A paper published last month in the Archives of Sexual Behavior makes an important point about the environment in which “gender-affirming” drugs and surgeries are offered to minors. Positive outcomes from hormonal interventions, argues psychiatrist Alison Clayton, the article’s author, may be attributable to placebo effects generated by clinical encounters and the social context in which they take place, rather than to the underlying psychotropic effects of the drugs themselves.
Clayton’s basic intuition makes sense. If you take a teenager in emotional distress and tell her that drug X will solve her problems, while treatment Y will make them worse, and then bring her to a clinical setting where medical professionals repeat that message, it should come as no surprise that the teenager experiences emotional relief when you give her X, or distress when you give her Y—regardless of the psychotropic effects of X. The patient may regard the giving of X symbolically as adults listening to her and empathizing with her inner turmoil. “The ‘Hawthorne effect,’” writes Clayton, “describes the phenomenon where clinical trial patients’ improvements may occur because they are being observed and given special attention. A patient who is part of a study, receiving special attention, and with motivated clinicians, who are invested in the benefits of the treatment under study, is likely to have higher expectations of therapeutic benefits.”
It is indeed the case that promoters of “gender-affirming care” have created what Clayton calls “a perfect storm for the placebo effect.” In the left-of-center media, puberty-blockers, cross-sex hormones and (less frequently) surgeries are hailed as “medically necessary” and suicide-preventing measures for teens in distress, supposedly over having been wrongly “assigned” their sex at birth. Skeptics of these interventions are denounced as cruel deniers of life-saving medicine to youth at high risk of suicide. Meantime, alternatives to drugs and surgeries (e.g., psychotherapy) are denigrated as harmful “conversion therapy,” setting the stage for a nocebo (harmful) effect on those who receive psychotherapy but not drugs.
Clayton helpfully distinguishes between placebo effects in research versus clinical settings. There is nothing inherently wrong about relying on placebo effects in clinical settings, where the wellbeing of individual patients is paramount. The problem is when drugs or procedures that produce placebo effects also carry significant risk for adverse side-effects. In the case of gender-affirming drugs and surgeries, these risks are thought to include, among other things, loss of fertility and sexual function, increased risk for heart disease and cancer, bone-density deficiencies, and cognitive impairment. Understanding both the likelihood and severity of these outcomes is precisely what research is for. Yet the placebo/nocebo effects described by Clayton make it harder for researchers to ascertain the causal mechanisms involved, and therefore the true medical necessity of drugs and surgeries.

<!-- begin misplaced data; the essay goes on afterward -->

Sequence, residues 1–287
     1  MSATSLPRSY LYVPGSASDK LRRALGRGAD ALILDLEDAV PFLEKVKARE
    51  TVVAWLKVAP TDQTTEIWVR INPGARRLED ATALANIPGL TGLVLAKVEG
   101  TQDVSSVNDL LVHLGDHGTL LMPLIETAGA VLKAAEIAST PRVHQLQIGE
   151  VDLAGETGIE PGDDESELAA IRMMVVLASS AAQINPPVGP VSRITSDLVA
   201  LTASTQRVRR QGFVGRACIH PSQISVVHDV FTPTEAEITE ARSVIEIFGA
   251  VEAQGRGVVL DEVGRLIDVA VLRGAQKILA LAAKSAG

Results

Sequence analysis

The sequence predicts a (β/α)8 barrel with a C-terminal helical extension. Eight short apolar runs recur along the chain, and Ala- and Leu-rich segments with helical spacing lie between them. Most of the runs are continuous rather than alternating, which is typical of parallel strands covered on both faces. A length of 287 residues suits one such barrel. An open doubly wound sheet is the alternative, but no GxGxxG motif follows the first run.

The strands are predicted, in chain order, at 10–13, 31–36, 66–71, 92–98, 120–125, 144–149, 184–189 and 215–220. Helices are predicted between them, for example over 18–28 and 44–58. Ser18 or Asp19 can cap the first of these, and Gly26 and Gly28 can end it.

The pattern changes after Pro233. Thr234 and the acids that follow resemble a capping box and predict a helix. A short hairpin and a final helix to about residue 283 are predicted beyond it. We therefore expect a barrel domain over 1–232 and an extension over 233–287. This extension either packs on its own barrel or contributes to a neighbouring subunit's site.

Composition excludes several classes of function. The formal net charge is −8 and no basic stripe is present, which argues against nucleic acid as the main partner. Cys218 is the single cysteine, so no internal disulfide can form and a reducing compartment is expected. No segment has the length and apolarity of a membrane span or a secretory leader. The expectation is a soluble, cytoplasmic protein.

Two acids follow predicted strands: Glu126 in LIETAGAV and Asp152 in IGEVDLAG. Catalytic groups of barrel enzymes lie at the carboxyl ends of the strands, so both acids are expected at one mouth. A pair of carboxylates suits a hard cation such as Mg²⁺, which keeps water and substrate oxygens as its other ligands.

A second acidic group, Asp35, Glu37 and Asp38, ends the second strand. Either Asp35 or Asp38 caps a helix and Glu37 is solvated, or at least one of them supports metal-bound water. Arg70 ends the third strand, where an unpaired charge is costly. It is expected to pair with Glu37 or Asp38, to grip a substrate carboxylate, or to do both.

If all this was disclosed to distressed teenagers and their anxious parents within an honest informed-consent process, that would be one thing. But parents are frequently told that their choice is between “a live son or a dead daughter,” and that puberty blockers are safe and “fully reversible.” Teenagers, meantime, get told that any questioning of their gender self-identification constitutes a metaphysical act of aggression against their very person and dignity. This makes evidence-based medicine exceedingly difficult. “A medical profession that does little to distinguish placebo effects from specific treatment effects,” observes Clayton, “risks becoming little different from pseudoscience and the quackery that dominated medicine of past times, with likely resulting decline in public trust and deterioration in patient outcomes.”
In effect, gender-affirming doctors and their allies in the media are creating a problem for which only they have a solution. If around 2 percent of teenagers today identify as trans and even half have gender dysphoria, and if, as we sometimes hear, around 40 percent of those with dysphoria are at serious risk for suicide, we would expect to have seen a shocking epidemic of teenage suicides in the years before gender-affirming care was on offer. That didn’t happen. Thus, assuming gender-affirming doctors and researchers are right about their predictions over youth suicide, it’s at least possible, and perhaps likely, that the cause of this danger is the promise, not the denial, of these drugs and surgeries.
Clayton highlights the fundamental bias in the world of gender-affirming research. The “clinical environment” created by gender-affirming doctors and their allies “maximizes the placebo effect,” yet it is this “same environment in which the [gender-affirming] clinicians are researching [gender-affirming therapy’s] efficacy.” In other areas of medical research, such biases would be openly discussed and raise concerns among medical journal reviewers and editorial boards. But transgender medical research, we have come to learn, operates under exceptional circumstances.
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